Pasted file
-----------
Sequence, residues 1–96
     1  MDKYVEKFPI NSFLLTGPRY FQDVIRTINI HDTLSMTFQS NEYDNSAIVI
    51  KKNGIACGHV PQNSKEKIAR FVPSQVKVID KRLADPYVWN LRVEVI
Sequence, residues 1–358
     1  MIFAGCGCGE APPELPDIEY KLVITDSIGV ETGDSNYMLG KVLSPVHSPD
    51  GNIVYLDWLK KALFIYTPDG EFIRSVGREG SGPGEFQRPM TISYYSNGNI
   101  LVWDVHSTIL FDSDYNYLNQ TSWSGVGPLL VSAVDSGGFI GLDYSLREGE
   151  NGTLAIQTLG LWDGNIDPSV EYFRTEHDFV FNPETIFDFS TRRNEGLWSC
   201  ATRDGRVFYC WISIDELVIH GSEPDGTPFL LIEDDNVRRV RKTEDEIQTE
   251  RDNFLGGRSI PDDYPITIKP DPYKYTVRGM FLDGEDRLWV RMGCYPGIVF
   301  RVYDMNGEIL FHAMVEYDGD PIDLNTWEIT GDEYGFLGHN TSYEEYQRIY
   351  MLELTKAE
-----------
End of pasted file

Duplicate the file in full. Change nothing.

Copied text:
Sequence, residues 1–96
     1  MDKYVEKFPI NSFLLTGPRY FQDVIRTINI HDTLSMTFQS NEYDNSAIVI
    51  KKNGIACGHV PQNSKEKIAR FVPSQVKVID KRLADPYVWN LRVEVI
Sequence, residues 1–358
     1  MIFAGCGCGE APPELPDIEY KLVITDSIGV ETGDSNYMLG KVLSPVHSPD
    51  GNIVYLDWLK KALFIYTPDG EFIRSVGREG SGPGEFQRPM TISYYSNGNI
   101  LVWDVHSTIL FDSDYNYLNQ TSWSGVGPLL VSAVDSGGFI GLDYSLREGE
   151  NGTLAIQTLG LWDGNIDPSV EYFRTEHDFV FNPETIFDFS TRRNEGLWSC
   201  ATRDGRVFYC WISIDELVIH GSEPDGTPFL LIEDDNVRRV RKTEDEIQTE
   251  RDNFLGGRSI PDDYPITIKP DPYKYTVRGM FLDGEDRLWV RMGCYPGIVF
   301  RVYDMNGEIL FHAMVEYDGD PIDLNTWEIT GDEYGFLGHN TSYEEYQRIY
   351  MLELTKAE